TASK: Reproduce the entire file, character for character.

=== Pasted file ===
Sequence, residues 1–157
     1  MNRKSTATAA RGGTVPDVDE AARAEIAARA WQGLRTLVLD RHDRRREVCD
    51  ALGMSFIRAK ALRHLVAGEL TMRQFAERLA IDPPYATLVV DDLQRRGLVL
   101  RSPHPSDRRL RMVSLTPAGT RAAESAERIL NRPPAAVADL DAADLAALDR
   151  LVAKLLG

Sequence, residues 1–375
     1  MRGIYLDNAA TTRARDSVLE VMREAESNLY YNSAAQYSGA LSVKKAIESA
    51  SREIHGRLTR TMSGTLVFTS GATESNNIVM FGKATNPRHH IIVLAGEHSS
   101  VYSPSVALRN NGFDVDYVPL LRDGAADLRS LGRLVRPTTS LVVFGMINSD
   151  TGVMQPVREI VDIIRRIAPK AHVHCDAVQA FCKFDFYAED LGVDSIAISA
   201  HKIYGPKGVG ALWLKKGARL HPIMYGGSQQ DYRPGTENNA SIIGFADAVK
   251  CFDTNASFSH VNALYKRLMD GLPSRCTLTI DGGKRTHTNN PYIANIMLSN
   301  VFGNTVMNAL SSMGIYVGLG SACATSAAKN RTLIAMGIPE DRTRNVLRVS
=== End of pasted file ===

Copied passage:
Sequence, residues 1–157
     1  MNRKSTATAA RGGTVPDVDE AARAEIAARA WQGLRTLVLD RHDRRREVCD
    51  ALGMSFIRAK ALRHLVAGEL TMRQFAERLA IDPPYATLVV DDLQRRGLVL
   101  RSPHPSDRRL RMVSLTPAGT RAAESAERIL NRPPAAVADL DAADLAALDR
   151  LVAKLLG

Sequence, residues 1–375
     1  MRGIYLDNAA TTRARDSVLE VMREAESNLY YNSAAQYSGA LSVKKAIESA
    51  SREIHGRLTR TMSGTLVFTS GATESNNIVM FGKATNPRHH IIVLAGEHSS
   101  VYSPSVALRN NGFDVDYVPL LRDGAADLRS LGRLVRPTTS LVVFGMINSD
   151  TGVMQPVREI VDIIRRIAPK AHVHCDAVQA FCKFDFYAED LGVDSIAISA
   201  HKIYGPKGVG ALWLKKGARL HPIMYGGSQQ DYRPGTENNA SIIGFADAVK
   251  CFDTNASFSH VNALYKRLMD GLPSRCTLTI DGGKRTHTNN PYIANIMLSN
   301  VFGNTVMNAL SSMGIYVGLG SACATSAAKN RTLIAMGIPE DRTRNVLRVS